Digital rights management or digital restrictions management, commonly abbreviated DRM, is an umbrella term for any of several arrangements by which the usage of copyrighted data by someone who has purchased a copy of it may be restricted by the copyright holder. The context is most commonly digital (ie, as in a computer or computerized device), hence the 'digital' in DRM. In contrast to existing legal restrictions which copyright status imposes on the owner of a copy of such data, DRM would allow additional restrictions to be imposed solely at the discretion of the copyright holder, through hardware and software code under the copyright holder's control. In the extreme, such control is proposed within other's computers and computerized devices. The Trusted Computing Platform Architecture scheme proposed by Intel and others is an example. So are several laws proposed or already enacted in various jurisidictions (State, Federal, non-US). Most would include in all computer systems obligatory mechanisms controlling use in ways deemed by copyright holders to be unacceptable. See Professor Edward Felten's freedom-to-tinker Web site for information and pointers.
An early example of a DRM system is the Content Scrambling System (CSS) employed by the DVD Consortium[?] on movie DVD disks. The data on the DVD is encrypted so that it can only be decoded and viewed using an encryption key, which the DVD Consortium kept secret. In order to gain access to the key, a DVD player manufacturer would have to sign a licence agreement with the DVD Consortium which restricted them from including certain features in their players such as a digital output which could be used to extract a high-quality digital copy of the movie. Since the only hardware capable of decoding the movie was controlled by the DVD Consortium in this way, they were able to impose whatever restrictions they chose on the playback of such movies. See also DIVX for a more draconian and less commercially successful variation.
The Digital Millennium Copyright Act was passed in the United States in an effort to make the circumvention of such systems illegal. Despite this law, which has received substantial opposition on constitutional grounds, it is now relatively easy to find DVD players which bypass the limitations the DVD Consortium sought to impose. The cryptographic keys themselves have been discovered and widely disseminated (see DeCSS). See Professor Edward Felton's freedom-to-tinker Web site (www.freedom-to-tinker.com) for some observations on the DCMA, its proposed successors, and their consequences, intended and unintended hilarious (www.freedom-to-tinker.com/archives/cat_fritxs_hit_list/).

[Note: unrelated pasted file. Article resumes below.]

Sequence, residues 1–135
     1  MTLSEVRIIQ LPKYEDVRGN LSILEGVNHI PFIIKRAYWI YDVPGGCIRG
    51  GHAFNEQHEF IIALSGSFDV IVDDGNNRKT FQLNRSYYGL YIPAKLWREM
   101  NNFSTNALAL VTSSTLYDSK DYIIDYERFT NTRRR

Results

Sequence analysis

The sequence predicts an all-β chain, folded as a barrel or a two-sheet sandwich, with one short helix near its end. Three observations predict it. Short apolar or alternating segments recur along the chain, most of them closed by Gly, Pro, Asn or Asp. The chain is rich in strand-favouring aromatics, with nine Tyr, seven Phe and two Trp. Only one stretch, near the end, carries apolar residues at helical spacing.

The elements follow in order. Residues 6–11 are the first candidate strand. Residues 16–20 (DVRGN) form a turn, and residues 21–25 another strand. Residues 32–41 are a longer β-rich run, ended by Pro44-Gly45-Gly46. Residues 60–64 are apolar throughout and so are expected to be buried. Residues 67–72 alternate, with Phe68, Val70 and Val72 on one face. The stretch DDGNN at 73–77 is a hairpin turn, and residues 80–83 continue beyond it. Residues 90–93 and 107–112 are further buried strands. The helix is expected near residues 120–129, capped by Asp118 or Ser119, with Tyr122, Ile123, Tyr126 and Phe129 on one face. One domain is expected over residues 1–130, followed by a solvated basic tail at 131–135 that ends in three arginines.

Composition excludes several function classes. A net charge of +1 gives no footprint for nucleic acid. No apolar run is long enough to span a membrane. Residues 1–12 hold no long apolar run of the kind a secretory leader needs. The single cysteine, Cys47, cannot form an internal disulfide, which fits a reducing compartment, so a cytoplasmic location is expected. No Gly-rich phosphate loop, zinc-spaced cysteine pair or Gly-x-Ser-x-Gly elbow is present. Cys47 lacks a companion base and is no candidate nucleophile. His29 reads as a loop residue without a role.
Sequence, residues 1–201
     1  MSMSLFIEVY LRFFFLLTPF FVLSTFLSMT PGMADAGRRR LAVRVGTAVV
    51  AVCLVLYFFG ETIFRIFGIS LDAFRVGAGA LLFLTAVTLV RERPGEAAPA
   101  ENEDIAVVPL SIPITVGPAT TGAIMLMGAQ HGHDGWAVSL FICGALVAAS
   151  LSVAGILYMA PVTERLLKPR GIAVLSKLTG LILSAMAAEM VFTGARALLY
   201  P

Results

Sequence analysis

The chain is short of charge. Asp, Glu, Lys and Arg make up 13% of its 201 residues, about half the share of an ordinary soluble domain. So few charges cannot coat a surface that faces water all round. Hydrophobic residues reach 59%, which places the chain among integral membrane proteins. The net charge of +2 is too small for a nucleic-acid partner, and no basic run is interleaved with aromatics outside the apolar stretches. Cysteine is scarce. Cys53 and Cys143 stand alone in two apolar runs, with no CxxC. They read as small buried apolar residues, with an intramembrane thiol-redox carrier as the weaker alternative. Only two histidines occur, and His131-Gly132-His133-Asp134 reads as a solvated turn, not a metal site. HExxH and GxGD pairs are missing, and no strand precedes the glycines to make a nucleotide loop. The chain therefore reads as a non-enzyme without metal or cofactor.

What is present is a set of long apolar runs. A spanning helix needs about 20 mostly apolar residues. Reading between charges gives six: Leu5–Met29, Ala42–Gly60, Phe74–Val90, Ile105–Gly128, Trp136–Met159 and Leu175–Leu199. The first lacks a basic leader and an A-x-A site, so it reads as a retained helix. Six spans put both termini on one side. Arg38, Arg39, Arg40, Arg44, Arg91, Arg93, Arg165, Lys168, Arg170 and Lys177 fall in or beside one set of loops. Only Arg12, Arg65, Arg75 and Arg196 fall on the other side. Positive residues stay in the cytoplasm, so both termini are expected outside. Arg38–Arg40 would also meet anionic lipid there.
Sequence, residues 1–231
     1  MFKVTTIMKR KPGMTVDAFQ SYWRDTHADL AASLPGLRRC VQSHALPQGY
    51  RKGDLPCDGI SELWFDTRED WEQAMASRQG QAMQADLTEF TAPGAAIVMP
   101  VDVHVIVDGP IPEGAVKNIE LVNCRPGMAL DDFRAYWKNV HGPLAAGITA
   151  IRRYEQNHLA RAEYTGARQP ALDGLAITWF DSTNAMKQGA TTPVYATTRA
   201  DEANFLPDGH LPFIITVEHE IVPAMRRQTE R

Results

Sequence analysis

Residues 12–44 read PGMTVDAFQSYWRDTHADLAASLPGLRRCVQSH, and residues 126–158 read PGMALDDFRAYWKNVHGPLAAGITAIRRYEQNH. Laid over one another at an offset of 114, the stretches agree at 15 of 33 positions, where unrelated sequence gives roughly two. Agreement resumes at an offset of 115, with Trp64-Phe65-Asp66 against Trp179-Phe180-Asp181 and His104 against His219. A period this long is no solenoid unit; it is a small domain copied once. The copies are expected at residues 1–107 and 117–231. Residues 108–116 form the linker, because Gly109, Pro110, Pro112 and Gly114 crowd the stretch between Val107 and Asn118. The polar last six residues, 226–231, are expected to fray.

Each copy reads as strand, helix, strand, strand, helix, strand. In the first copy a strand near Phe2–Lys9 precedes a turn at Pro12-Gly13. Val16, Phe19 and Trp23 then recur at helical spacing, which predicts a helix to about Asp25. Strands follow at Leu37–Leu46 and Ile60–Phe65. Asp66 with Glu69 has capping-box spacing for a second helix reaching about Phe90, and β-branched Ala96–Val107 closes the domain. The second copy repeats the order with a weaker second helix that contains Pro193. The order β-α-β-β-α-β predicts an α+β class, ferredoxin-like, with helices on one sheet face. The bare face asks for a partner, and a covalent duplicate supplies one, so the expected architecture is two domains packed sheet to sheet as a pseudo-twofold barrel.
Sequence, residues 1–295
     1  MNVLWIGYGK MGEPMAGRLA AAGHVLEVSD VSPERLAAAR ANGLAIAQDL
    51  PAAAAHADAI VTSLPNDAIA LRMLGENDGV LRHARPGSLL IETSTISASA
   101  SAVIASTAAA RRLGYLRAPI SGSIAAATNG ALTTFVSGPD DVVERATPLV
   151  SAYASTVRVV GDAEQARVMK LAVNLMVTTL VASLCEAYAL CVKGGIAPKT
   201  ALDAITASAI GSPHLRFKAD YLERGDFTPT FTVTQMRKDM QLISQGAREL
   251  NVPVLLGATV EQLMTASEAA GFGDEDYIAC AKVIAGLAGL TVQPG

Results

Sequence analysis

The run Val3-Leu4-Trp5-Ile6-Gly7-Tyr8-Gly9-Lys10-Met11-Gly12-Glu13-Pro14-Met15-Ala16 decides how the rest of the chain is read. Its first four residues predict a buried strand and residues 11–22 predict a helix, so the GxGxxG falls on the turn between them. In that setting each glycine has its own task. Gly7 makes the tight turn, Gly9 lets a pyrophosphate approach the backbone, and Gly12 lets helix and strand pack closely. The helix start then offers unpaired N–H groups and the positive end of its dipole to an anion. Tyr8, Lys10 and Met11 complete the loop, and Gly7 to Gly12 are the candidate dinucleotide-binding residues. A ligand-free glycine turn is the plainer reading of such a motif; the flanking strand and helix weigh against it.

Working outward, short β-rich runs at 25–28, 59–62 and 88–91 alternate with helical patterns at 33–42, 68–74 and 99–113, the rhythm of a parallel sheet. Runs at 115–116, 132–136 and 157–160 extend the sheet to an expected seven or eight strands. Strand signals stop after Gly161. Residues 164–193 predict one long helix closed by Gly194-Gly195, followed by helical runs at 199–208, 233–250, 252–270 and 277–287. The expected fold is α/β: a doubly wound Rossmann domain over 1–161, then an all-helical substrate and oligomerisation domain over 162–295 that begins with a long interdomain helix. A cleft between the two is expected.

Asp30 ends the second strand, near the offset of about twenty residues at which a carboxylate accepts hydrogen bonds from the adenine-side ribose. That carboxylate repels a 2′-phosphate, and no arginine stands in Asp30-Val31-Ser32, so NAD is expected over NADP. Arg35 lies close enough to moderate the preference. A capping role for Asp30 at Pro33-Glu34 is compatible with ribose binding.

New DRM initiatives have been proposed in recent years which could prove more difficult to circumvent, including copy-prevention codes embedded in broadcast HDTV signals and the Palladium operating system. A wide variety of DRM systems have also been employed to restrict access to eBooks[?]. See the TCPA / Pallidium FAQ maintained by Professor Ross J Anderson on his Web site at www.cl.cam.ac.uk/~rja14/tcpa-faq/ for a clear discussion of two prominent proposals.
Examples of existing "digital rights management" and "copy protection" systems:
Opponents of DRM have noted that the proposed use of some DRM schemes to restrict the ability to copy and distribute documents can be used by the criminal as a means of preventing enforcement of laws against fraud and other wrongdoing. Since DRM is unlikely to be so used by individuals, only corporate skullduggery is likely to be concealed this way.
See also copy protection.